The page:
The first thing you notice about “The Photograph,” a sappy but earnest love story, is its sense of place. Every room is imbued with its own unique feel. A loft in downtown New York feels spacious and cold. An Upper West Side townhouse inhabited by a young family is bright and inviting. The working-class shack in rural Louisiana is drab, designed in muted yellows and browns. This attention to visual detail, and how it evokes a world with a few simple choices of color and light, elevates “The Photograph” from a carbon copy of a Nicholas Sparks novel to something a little richer and deeper.
“The Photograph” is a mystery, a love story, and a coming-of-age story, but it never commits to any genre, instead weaving them into a gentle crowd-pleaser that offers minimal rewards. Michael Block (Lakeith Stanfield) is a reporter doing a story on Isaac Jefferson (Rob Morgan), a Louisiana fisherman whose business has been affected by extreme weather. After Michael sees an unusual photograph on his mantle, Isaac opens up to him about a woman from his past, Christine, a great photographer who he loved but who left him to pursue her art in New York.
She had a daughter in New York, Mae (Issa Rae), who we meet as a grown woman in the aftermath of her mother’s death. As Michael pursues the story, their paths cross, and they instantly connect. As we chronicle their brief courtship, we also look back on Christine and Isaac, and wonder if Mae will make the same mistakes her mother did. The action cuts between the two timelines, with a soft implication that the sins of the mother will be visited upon the daughter. Christine struggles to accept Isaac’s love, putting her desperation to get out of Louisiana and forge her own path first. In the present day, it’s Michael, with a job waiting for him in London, who is tempted to leave Mae.
The themes play out concurrently, but this narrative device fails by itself to convey what it aims to: the deep complexities of love, grief, and the mistakes that are passed down to each generation. Each storyline is reasonably engaging on its own terms – although I enjoyed the Louisiana romance, with its elegant sparseness, more – but they struggle to connect with each other until the third act, when Michael and Mae find themselves back in New Orleans together, making a crucial life decision in unknowingly the same spot that her parents did. It’s a moment that hints at the film that might have been, one in which there is a single world that spans generations, making our insecurities and flaws seem less consequential than they are in the moment. The film only skims the surface of that idea.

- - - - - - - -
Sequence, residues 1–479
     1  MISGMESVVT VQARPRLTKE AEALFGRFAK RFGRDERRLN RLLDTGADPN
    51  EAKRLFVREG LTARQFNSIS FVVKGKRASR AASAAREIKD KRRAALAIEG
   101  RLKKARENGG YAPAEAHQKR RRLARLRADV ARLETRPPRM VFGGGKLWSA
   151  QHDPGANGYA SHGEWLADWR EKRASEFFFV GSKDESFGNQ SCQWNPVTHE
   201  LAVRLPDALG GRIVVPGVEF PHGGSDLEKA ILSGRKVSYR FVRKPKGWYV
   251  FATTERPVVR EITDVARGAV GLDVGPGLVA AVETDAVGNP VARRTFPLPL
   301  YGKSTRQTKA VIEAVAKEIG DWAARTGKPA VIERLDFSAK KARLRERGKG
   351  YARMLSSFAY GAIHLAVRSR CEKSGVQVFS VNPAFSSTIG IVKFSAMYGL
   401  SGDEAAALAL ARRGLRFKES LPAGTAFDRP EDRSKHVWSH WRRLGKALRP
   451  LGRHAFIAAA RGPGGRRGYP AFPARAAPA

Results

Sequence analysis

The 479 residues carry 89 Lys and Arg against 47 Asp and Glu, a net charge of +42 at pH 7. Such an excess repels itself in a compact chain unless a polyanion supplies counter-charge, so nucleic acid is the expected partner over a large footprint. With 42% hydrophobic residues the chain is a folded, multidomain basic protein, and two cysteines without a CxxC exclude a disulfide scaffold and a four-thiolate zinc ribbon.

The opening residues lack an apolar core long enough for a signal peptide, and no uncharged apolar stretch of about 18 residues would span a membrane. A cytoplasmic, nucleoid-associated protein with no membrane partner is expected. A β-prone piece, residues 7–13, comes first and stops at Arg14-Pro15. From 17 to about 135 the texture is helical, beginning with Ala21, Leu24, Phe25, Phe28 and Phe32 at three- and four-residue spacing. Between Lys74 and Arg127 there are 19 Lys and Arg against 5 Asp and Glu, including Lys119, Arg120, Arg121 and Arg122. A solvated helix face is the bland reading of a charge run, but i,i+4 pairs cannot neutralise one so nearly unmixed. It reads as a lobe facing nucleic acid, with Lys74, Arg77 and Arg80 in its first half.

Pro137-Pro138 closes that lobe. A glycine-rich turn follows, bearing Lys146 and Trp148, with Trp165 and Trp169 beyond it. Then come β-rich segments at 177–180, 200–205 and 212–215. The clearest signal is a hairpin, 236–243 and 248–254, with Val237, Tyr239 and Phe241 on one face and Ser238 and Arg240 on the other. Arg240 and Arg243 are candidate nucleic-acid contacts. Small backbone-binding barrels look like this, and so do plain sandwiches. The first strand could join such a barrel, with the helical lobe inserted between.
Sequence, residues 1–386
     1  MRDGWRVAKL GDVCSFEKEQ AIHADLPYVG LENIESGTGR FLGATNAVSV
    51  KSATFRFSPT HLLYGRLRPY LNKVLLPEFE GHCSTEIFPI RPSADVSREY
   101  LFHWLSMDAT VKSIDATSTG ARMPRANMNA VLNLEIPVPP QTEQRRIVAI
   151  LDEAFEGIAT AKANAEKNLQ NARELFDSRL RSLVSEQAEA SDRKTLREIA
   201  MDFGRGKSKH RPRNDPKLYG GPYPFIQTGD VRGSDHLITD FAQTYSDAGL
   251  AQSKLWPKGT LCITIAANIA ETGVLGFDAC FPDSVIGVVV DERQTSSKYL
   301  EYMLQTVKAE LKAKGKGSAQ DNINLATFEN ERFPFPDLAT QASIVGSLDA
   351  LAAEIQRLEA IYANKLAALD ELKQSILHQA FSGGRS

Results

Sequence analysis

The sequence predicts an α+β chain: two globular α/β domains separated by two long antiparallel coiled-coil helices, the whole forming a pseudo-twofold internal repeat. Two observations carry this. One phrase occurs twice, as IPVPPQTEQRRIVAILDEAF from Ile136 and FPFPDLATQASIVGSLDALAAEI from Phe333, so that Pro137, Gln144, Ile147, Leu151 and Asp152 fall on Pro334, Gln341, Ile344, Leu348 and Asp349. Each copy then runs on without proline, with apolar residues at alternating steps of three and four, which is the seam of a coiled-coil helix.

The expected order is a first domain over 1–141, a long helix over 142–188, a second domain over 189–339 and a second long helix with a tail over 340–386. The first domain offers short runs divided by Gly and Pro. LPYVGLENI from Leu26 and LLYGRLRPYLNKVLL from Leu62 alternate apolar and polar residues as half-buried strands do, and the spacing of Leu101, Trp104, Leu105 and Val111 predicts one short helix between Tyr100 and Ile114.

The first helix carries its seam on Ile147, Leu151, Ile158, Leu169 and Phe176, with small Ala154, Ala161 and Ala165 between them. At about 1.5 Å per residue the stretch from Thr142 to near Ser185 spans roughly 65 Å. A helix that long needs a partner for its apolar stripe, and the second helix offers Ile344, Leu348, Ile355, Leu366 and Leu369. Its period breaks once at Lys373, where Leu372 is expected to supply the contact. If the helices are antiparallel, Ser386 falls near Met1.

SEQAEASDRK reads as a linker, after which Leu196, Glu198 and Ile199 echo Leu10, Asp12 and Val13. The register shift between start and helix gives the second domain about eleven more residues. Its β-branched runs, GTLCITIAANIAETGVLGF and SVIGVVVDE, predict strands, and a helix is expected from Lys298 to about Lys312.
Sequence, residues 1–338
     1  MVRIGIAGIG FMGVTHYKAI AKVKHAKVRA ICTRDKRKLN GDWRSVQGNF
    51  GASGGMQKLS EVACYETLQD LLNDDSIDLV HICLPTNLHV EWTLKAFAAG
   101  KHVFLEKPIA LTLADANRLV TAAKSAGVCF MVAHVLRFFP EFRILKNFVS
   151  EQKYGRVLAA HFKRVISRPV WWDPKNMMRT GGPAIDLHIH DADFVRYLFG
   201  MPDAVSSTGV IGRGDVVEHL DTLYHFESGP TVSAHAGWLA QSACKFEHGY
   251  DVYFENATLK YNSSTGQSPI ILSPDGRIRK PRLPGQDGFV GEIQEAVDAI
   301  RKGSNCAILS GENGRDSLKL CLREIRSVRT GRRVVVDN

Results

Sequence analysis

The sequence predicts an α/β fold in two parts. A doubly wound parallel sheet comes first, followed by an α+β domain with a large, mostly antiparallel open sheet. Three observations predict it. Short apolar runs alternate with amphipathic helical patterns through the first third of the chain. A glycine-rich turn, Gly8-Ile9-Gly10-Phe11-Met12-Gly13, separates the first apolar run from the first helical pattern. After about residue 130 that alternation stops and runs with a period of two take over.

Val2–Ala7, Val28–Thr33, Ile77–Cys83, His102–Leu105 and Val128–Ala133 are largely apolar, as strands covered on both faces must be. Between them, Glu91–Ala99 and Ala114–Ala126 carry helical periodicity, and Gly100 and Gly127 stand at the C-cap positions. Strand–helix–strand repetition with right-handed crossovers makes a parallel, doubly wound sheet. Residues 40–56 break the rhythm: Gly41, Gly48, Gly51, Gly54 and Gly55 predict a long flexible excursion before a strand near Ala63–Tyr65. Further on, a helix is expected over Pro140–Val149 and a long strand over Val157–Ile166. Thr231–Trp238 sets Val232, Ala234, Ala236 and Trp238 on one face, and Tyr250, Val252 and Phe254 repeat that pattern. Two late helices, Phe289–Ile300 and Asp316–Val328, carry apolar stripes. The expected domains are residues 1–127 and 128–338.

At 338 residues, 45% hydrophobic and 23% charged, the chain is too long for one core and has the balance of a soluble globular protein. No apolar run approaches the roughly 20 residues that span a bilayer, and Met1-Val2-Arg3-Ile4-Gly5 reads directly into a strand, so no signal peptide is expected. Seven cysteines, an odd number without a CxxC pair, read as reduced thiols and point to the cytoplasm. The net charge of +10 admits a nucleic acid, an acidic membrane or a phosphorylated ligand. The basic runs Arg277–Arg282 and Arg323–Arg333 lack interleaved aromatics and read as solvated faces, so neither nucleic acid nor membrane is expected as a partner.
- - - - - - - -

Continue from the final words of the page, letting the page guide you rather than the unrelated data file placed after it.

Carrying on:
A romantic drama can survive such flaws if the chemistry is right, but the sparks never fly between the two modern-day lovers, despite the efforts of the actors. As the cool and composed Michael, Stanfield is the bigger revelation. He has earned a reputation as a transformative actor in projects as disparate as “Get Out” and “Sorry to Bother You,” but here he leans into the mold of an old-fashioned movie star. Stanfield is rock-solid on the outside, but he draws you in with a hint of vulnerability. In a different era, he would have looked great with a cigarette hanging from his lips.
Rae’s performance is less effective, but she had little to work with and, unlike Stanfield, had no archetype to fall back on. The film substitutes simplistic psychology for character building, and the contours of her character are never delineated. The director knows how to stage a Romantic Moment, aided by that wonderful cinematography and thoughtful production design, but the pleasures feel shallow because the people never become realized. “The Photograph” is set in a world that looks our own, but the characters are just ghosts, long-gone figures in a faded picture.
My Rating: Put it on Your Queue